Thankfully, I never plan to do any time sharing, and my house is for me and my family to enjoy. My front porch is a wildlife mecca at times. I particularly enjoy spring, as I mark the first calls of migrating birds. I think none have a more beautiful song than the orchard oriole. I see deer, squirrels and rabbits daily. And have occasionally seen bears, coyotes, foxes and bobcats. Yellow-billed cuckoos seem especially numerous this summer. And I get to watch blue-grey gnatcatchers sometimes. Now these are birds that never sit still. They flit from limb-to-limb combing branch after branch for insects. I suppose they stop at nightfall. At dusk and dawn I hear many Chuck-Wills Widows, and have been fortunate to see a few. They are larger than whippoorwills and impressive in flight. I am not sure why it seems they have increased in number and their close relative, the whippoorwills, have declined? Off this same porch I watched a hummingbird once sit in the top of my redbud tree. About every five or six seconds he would dart rapidly upwards, snatch something out of the air and then return to his branch. On closer observation I noticed a cloud of gnats about 10 feet above him. I realized he was getting his fill of them. I was surprised to find upon investigating that hummingbirds eat a lot of insects. Yes, they love nectar, and they’ve become addicted to sugar water in feeders, but they can make a living on insects in a pinch. It is amazing what we could all make do on once the veneer of luxury is eroded away.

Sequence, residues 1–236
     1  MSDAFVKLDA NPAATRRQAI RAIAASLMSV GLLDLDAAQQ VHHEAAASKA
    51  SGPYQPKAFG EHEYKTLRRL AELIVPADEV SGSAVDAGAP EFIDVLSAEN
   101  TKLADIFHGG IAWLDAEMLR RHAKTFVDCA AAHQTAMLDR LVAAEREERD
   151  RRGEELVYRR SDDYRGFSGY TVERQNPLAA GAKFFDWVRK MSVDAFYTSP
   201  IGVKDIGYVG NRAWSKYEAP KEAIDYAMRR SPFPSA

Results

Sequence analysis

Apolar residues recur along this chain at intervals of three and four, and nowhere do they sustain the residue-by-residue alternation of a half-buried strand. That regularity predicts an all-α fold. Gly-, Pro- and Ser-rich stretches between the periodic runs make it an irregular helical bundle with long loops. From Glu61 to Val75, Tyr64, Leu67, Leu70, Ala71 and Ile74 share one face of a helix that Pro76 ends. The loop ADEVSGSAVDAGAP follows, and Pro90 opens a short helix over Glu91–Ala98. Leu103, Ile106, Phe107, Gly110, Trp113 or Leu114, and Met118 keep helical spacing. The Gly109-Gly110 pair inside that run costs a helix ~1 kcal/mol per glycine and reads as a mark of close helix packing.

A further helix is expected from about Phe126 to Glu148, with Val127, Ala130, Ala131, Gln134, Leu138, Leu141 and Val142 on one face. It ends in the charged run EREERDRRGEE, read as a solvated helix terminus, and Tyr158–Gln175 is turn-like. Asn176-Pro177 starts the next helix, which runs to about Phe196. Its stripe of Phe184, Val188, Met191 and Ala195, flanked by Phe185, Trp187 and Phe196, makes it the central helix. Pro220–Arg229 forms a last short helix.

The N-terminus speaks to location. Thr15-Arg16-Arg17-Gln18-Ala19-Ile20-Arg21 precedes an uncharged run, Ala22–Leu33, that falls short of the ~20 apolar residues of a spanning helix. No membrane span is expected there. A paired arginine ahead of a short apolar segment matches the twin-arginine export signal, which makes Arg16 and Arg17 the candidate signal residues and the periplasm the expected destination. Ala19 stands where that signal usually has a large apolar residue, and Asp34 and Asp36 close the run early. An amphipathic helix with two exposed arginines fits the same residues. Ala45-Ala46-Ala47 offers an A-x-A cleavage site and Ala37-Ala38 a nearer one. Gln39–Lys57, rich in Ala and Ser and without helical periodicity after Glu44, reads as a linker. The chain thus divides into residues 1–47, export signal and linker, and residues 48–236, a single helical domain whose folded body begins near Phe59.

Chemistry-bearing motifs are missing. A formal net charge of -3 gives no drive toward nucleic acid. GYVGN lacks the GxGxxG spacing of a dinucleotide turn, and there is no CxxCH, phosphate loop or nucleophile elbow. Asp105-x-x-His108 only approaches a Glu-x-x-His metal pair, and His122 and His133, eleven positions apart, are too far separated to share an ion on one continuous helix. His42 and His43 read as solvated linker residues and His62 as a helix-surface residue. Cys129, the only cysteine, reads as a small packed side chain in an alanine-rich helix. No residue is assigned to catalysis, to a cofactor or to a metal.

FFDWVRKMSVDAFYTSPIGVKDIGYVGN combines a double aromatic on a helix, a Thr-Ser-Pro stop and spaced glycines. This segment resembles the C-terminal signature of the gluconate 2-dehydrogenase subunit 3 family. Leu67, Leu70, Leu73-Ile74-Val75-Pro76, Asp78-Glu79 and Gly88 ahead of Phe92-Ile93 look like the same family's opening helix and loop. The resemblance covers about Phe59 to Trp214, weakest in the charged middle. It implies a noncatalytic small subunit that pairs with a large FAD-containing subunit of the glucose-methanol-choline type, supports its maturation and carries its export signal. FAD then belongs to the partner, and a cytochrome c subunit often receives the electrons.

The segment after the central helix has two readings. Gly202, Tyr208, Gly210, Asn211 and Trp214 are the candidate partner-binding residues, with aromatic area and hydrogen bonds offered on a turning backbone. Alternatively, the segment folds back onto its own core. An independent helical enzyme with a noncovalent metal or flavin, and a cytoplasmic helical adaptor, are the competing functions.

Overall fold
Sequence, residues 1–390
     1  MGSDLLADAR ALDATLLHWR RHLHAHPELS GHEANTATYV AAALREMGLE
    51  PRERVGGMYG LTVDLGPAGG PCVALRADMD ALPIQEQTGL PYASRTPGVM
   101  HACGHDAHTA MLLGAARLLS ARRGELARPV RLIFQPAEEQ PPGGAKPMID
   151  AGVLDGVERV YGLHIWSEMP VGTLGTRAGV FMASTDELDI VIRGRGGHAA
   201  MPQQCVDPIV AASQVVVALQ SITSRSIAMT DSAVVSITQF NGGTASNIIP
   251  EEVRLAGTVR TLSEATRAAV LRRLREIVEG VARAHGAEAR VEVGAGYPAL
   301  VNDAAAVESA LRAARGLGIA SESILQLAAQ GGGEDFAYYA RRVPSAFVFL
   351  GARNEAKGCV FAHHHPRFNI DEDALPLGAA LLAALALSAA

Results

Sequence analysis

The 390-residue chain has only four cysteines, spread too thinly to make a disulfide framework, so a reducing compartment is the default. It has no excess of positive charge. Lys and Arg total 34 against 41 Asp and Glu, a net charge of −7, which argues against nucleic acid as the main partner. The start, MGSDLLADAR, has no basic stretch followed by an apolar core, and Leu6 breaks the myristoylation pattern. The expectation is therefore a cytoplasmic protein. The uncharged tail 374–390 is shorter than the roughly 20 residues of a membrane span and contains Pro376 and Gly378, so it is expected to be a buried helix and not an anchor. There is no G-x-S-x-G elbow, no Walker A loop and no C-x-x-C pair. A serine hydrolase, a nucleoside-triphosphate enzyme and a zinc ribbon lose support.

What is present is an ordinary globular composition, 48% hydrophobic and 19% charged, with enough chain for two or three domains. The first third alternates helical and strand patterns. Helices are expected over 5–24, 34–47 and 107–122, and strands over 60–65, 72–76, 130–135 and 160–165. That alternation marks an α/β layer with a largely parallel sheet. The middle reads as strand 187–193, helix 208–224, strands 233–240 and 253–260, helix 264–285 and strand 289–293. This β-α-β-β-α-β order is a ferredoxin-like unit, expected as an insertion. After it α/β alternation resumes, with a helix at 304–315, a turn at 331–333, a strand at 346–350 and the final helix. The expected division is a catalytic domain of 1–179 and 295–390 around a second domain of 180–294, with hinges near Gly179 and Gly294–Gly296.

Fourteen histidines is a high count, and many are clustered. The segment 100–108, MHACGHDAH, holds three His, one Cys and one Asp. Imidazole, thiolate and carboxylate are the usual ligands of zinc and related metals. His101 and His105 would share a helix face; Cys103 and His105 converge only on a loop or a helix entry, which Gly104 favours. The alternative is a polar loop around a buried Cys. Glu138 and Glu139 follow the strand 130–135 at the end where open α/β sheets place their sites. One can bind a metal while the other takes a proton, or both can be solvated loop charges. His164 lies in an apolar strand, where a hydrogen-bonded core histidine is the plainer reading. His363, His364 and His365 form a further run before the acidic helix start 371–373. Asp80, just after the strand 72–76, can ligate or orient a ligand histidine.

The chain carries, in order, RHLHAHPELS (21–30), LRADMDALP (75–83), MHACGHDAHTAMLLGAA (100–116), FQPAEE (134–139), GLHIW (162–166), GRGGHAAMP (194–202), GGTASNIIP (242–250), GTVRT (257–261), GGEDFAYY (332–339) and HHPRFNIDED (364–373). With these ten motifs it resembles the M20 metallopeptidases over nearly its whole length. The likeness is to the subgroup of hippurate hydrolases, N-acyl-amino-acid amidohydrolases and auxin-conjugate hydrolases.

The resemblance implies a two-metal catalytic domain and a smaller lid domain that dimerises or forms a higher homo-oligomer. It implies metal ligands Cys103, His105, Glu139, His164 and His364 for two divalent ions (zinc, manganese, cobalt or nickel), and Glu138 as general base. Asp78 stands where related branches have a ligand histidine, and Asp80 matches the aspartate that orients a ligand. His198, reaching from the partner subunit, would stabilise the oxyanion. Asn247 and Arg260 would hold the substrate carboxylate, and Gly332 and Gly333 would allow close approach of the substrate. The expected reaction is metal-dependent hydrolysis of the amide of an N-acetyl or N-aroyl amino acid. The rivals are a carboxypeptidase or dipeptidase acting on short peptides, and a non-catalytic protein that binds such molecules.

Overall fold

But this post is about the bobwhite I call “Ole Croaky.” I have heard him for two years now off my front porch, and say “him” singularly because he has his own call (that said, there is no certainty it is the same male bobwhite). You have to be close to hear him, within a hundred yards I’d say, if not closer. Reason being, he sounds as if he has the proverbial “frog in his throat.” There are the three clear syllables common to all bobwhite calls (yes three, but only two can be heard if you are not close “bob-Bob-Whiiiiittte!”) but each note is a muffled, scratchy poor substitute for a bobwhite whistle. His effective search radius for a female bobwhite must be very small, and whether they’d actually even recognize his call or not, I don’t know … and if so, they may have no interest as his call may be some ecological measure of fitness. Who knows how quail think? I think I know what they need, what kind of cover they are typically found in and how to produce it…but I don’t know how they think.